The global war against the peasantry has been prosecuted with equal vigour by state communists and corporate capitalists. Both have sought to stamp out economically independent people. Both have claimed that, by centralising the supply and distribution of food, they can guarantee the world against famine. And both have engineered starvation.
Stalin created famines while seeking total political power. Big business creates famines while seeking total economic power. Land used by peasants to grow food for the developing world is seized and used to grow animal feed for Britain and America. Superstores steal water from Kenyan nomads to grow lettuces for consumers with hard currency. Biotech firms prevent plants from reproducing, so they can patent growth and monopolise the food chain.
While yields of single crops tend to be higher on large farms, recent studies have shown that the total output per hectare on small ones is several times greater, as peasants grow a wider variety of crops, making much better use of natural resources. Yet, in the name of efficiency, the most efficient farmers must be destroyed. A century of ethnic cleansing has been accompanied by a century of economic cleansing. Peasant farmers are as welcome in the modern economy as the Kurdish language is in the Turkish parliament.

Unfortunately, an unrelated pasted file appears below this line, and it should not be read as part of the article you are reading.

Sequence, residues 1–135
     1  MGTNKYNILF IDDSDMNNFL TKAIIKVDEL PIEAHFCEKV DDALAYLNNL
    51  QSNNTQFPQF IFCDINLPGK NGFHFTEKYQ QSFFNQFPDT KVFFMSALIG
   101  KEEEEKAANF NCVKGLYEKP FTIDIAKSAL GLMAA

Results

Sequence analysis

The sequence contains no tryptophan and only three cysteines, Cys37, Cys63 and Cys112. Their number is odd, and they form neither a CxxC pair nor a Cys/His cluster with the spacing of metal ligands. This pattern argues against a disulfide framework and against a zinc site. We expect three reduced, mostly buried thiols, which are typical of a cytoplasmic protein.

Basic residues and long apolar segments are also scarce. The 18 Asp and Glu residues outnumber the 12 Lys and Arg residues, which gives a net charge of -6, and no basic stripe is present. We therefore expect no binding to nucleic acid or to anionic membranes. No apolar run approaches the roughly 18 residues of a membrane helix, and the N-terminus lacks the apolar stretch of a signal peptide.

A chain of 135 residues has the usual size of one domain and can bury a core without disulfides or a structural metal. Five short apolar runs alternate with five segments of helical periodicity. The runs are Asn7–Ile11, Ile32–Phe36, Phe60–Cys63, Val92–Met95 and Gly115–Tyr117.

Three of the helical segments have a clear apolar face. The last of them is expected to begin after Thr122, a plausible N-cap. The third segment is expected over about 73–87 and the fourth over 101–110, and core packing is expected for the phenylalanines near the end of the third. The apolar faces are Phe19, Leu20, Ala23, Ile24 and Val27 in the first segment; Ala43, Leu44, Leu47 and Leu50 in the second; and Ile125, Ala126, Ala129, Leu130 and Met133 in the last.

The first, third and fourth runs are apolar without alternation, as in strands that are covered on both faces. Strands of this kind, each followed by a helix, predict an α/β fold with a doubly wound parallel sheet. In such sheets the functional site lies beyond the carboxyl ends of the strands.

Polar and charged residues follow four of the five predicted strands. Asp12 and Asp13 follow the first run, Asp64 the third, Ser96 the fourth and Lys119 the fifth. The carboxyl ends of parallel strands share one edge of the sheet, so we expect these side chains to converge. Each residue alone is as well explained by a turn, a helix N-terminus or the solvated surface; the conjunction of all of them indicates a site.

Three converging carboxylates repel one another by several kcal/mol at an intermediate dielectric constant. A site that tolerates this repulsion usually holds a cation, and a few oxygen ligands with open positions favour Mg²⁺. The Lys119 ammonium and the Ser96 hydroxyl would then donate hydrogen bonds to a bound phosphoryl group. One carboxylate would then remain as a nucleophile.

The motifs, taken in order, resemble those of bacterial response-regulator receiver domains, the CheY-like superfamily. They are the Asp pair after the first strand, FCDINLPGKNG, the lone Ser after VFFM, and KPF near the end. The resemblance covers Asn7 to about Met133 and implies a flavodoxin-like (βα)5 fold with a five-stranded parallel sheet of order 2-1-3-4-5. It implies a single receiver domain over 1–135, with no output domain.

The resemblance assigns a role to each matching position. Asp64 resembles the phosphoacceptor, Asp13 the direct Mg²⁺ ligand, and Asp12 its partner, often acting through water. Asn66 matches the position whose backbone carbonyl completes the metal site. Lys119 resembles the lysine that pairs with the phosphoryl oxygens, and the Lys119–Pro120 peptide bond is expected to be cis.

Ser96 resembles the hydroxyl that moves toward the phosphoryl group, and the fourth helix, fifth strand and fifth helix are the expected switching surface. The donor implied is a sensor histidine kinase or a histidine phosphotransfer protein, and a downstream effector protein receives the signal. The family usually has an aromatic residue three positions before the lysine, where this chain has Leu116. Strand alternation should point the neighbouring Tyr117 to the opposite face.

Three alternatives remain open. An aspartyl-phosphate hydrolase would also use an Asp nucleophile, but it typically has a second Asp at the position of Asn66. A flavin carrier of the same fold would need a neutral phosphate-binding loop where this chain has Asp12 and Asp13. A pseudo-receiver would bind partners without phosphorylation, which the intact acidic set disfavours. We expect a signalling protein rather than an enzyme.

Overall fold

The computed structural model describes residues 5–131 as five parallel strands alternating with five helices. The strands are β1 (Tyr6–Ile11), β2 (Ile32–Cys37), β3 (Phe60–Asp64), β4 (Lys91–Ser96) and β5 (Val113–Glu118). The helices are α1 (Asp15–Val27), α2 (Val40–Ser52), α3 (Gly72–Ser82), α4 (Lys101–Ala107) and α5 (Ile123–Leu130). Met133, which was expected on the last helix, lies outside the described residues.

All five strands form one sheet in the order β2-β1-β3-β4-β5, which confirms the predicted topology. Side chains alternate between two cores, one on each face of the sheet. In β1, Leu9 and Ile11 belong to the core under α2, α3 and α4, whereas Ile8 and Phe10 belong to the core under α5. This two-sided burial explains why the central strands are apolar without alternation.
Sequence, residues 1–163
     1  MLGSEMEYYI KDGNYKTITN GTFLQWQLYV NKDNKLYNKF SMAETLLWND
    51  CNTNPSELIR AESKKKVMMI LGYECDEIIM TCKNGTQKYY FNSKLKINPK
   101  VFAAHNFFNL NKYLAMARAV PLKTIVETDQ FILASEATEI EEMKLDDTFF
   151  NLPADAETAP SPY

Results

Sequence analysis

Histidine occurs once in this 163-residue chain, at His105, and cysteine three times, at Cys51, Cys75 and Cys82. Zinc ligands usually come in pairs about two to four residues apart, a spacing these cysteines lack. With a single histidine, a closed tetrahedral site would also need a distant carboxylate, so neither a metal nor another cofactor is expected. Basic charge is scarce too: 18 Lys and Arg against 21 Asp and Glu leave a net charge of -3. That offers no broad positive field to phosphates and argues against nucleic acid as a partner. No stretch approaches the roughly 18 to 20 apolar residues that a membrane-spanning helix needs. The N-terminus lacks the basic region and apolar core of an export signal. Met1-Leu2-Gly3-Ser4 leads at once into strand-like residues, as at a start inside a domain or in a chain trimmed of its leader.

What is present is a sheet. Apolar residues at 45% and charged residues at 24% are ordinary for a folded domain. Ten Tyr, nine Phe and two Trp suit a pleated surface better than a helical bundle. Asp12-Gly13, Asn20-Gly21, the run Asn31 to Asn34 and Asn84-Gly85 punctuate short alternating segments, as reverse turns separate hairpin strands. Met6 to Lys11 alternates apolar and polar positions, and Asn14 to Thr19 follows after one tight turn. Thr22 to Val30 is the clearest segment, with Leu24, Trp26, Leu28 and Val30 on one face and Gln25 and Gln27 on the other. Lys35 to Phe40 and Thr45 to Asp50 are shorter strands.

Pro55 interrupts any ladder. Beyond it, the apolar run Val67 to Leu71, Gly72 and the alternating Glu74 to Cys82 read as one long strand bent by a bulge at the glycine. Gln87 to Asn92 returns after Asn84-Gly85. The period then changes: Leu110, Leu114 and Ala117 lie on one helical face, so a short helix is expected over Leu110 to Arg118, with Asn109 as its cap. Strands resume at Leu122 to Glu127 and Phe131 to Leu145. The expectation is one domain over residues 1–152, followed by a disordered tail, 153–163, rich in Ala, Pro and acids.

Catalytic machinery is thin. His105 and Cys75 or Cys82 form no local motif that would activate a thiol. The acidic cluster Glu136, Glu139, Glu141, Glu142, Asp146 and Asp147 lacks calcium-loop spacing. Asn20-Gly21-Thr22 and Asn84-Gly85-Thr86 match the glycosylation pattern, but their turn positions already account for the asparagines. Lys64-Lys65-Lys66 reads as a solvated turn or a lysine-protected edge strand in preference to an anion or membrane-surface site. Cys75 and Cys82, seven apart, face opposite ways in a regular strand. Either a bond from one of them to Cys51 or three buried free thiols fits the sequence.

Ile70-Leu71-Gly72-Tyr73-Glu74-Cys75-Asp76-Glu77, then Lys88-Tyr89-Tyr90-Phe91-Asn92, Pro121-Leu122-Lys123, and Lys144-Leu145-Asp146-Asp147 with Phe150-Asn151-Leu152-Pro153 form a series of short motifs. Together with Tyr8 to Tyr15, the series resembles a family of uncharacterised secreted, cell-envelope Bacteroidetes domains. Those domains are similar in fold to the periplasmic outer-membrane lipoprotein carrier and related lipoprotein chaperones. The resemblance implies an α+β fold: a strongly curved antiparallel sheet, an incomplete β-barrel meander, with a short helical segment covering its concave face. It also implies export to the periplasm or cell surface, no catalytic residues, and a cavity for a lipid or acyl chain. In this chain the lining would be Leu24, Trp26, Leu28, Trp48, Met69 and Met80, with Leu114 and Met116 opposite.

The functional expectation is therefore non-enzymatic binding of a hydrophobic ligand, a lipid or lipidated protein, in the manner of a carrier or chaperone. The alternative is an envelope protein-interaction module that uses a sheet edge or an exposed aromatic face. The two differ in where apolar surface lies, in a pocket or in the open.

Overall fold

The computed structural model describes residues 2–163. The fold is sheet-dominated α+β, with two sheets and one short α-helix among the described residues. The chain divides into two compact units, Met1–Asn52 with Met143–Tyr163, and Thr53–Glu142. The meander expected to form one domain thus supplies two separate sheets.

But, somehow, almost half the world's population has resisted its proletarianisation. Even in Britain, where the social re-engineering of the countryside began earlier than anywhere else, a few tens of thousands of the brave and the barking still cling to economic life. So ever more effective means are found to wipe them out.
On Sunday, the government unveiled its latest weapon in the war against the peasantry. It has appointed Lord Haskins as its "rural recovery co-ordinator", who will oversee the rebuilding of the countryside's economy after the foot and mouth crisis. Putting Lord Haskins in charge of rural recovery is like putting Lord Tebbit in charge of race relations.
Haskins has made no secret of his views about farming in Britain. He would like to "shake out" the industry, eliminating small farms and concentrating production in the hands of a few giant agro-industrialists. He pours scorn on organic farming and has called for the widespread deployment of GM crops. He admires superstores and despises local markets. He wants to remove or diminish the laws protecting the environment. All this, he argues, will make farming more productive and lower the price of food.
Lord Haskins claims that he wants to reduce the prices farmers are paid in order to protect consumers and feed the poor. But the chairman of Northern Foods also has rather more immediate interests to consider. In May his company posted its usual hefty profits, but warned that its margins might be squeezed by the rising price of "raw materials".
Take a look at the ingredients of this firm's Goodfellas pizzas or Ski yogurts or TV dinners, and see, minus the additives, how much more cheaply you could make these things yourself, despite the fact that your kitchen has no economies of scale, and you have no special power over the people who sell you the materials. The cheap ingredients are turned into expensive food. Lord Haskins presents himself as the champion of the poor, but he and the supermarkets he sells to are impoverishing people at both ends of the production chain, while enriching themselves.